“Pitch?”

“Yup. Dad’s got the tent, the big one, as well as yours, set up by the clubhouse. Shower’s set up, the lot”

“Both tents?”

She looked across at Dad, who nodded.

“We understand how this hurts, love, so we thought you might want a little space set aside, just in case you need it”

“I don’t think I’ll be out on the pull!”

“Not what we meant, Debbie. We just thought you might need some time on your own. Anyway, time’s moving on. Who’s paying for this lot?”

I did, which felt weird, and followed them around a couple of corners to the old van. Out of the city, almost like old times, with a meandering drive through some green spaces, and finally a collection of low buildings in a walled compound: the clubhouse. Dad drove through a gateway manned by some very big men, around a large number of motorbikes and onto a grassy area at the rear, where our two tents stood beside a few others, Gandalf sitting outside one. His face lit up on seeing me, and he turned to call into what was clearly his tent.

“Sam! Got company!”

Another radiant smile from his son on seeing me, and when he stood, I was astonished at his height. He may not have been as sharp as many of those around him, but he was certainly gifted physically. Two more bonebreaking hugs, from both men, Gandalf lingering over his before stepping back a little, his smile now wistful.

“She’s helping set up the bar in the clubhouse, girl. Why don’t you go in and say hello?”

He could clearly feel my shakes starting, so he hugged me once more.

“Got to be done, love. Your Mam and Dad will have said this to you already. Am I right?”

I nodded, and he squeezed me one last time.

“Go to, then. She’ll be glad of a hand”

I turned from him, the tears already fighting for release, and walked in the door he indicated. Rosie was stacking plastic glasses at the other end of the room, a couple of other women helping, one of whom turned as I walked in, giving my oldest friend a tug on the elbow.

I have no idea how many emotions went across her face, but I am sure I was exactly the same. She handed her burden to the woman next to her, then walked slowly down the length of the room until she was standing almost nose to nose with me. Her arms rose slowly, hesitantly, so I took over, pulling her to me as she lost her self-control, the tears starting quickly as her hands dug into my shoulder blades.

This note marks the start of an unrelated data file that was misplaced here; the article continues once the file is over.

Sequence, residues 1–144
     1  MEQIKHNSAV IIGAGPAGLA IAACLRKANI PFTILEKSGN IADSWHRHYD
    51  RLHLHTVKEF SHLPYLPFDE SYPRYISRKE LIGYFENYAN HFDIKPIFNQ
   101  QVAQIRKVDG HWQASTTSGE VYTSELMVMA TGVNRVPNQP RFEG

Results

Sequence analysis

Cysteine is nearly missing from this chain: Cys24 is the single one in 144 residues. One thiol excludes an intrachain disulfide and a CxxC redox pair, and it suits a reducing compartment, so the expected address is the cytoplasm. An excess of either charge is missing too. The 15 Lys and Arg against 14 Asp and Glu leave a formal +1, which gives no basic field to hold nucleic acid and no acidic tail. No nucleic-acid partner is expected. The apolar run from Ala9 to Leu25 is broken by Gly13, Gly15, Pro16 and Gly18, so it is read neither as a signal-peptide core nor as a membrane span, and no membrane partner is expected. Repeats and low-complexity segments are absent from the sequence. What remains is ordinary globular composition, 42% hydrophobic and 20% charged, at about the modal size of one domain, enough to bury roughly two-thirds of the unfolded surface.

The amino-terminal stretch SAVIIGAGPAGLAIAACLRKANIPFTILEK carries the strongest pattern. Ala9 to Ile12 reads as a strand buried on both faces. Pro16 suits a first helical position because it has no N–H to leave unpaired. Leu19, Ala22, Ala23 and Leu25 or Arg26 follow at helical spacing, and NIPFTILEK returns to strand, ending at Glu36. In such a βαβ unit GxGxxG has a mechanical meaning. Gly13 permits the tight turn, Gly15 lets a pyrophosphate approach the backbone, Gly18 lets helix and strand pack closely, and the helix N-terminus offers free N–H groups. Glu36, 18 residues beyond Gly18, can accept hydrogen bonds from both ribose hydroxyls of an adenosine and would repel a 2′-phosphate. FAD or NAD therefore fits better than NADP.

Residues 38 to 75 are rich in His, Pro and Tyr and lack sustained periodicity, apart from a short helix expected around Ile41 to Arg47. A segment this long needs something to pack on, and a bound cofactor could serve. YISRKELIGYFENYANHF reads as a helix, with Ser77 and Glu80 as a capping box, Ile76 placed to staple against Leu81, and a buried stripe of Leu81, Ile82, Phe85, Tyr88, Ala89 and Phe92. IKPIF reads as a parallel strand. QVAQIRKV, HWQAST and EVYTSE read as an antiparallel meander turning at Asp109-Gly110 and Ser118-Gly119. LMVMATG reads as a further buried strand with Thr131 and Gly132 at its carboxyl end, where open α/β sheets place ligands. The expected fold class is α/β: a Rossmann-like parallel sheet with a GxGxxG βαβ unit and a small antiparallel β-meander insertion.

The right words didn’t seem to be coming easily to her, so I just shushed her.

“How could I not come, love? Now, is there a kettle boiling yet? No?”

“Could do…”

“Standards are slipping, woman. Let’s grab a seat and have a catch-up with a cuppa!”

She called over her shoulder to a taller woman with a cluster of tattoos on each forearm.

“Becks? Could you do us a couple of teas? Got some major catch-up stuff to do. Personal shit. Old friend, aye?”

Becks nodded, reaching across to flick the switch on a kettle to one side of what was a professional-looking bar as Rosie towed me to a corner of the large room where she pulled a couple of chairs up to a small table.

Her eyes stayed downcast, and she said nothing more until we had our mugs before us.

“How are you, Debbie?”

“At a crossroads, Rosie. No jokes about driving, OK?”

A ghost of a smile.

“Agreed. What are you planning? I know that look”

“Ah, Rosie. I could never keep anything from you, could I?”

The smile settled a little, her shoulders easing.

“True, Deb. What’s up?”

I wanted to ask ‘Apart from all this shit?’, but kept that thought to myself.

“Found out my mother and father have both snuffed it. Gone”

“You missing them?”

“Fuck, no! Who was it dumped me in that hellhole in Runcorn? Not that, Rosie; that’s not what set me thinking. They’ve left me some money”

“How much? Sorry, rude question”

“Enough. Been talking to Mam and Dad, and I want to spend some of it on… I’d like to look for a doctor who can sort me out. There”

I watched her face, waiting for a reaction, but there was nothing visible.

“You not surprised?”

“Why should I be? Woman has a medical problem, one which can be sorted, where’s the surprise when she sets out to do just that? You found anyone who can do it yet?”

“Not yet. Going to speak to my GP. She seems sound, so might know the right person, or at least the right people to ask. Keeps it at arms’ length, too”

I drew a slow breath before changing the subject.

“Now, what’s the plan for the weekend?”

The smile was now a genuine one.

“Ah, in the morning we go down to the Registry Office and terrorise the straights. That gets the official legal shit out of the way. Handfasting is back here. Then we party”

“Handfasting?”

“Aye. Old style of marriage. We’ll need you, love, if you’re willing. Witness at the Registry place, and then maid of honour for me. You up to that?”

Was I? There was no other choice open to me.

“What do I have to do?”

“Stand by me. Dad walks me in, you wait at the front. You… You actually hand me over to him. The man I am marrying. Carl”

The tears were back, so I held her as she sobbed out how sorry she was, and as she settled, I felt a hand on my shoulder. Carl was standing behind me, a smile of his own softening his face. I rose, and rather than hug me, he simply took my head in his hands, kissing me on the forehead.

“You have class, Debbie Petrie. Real class”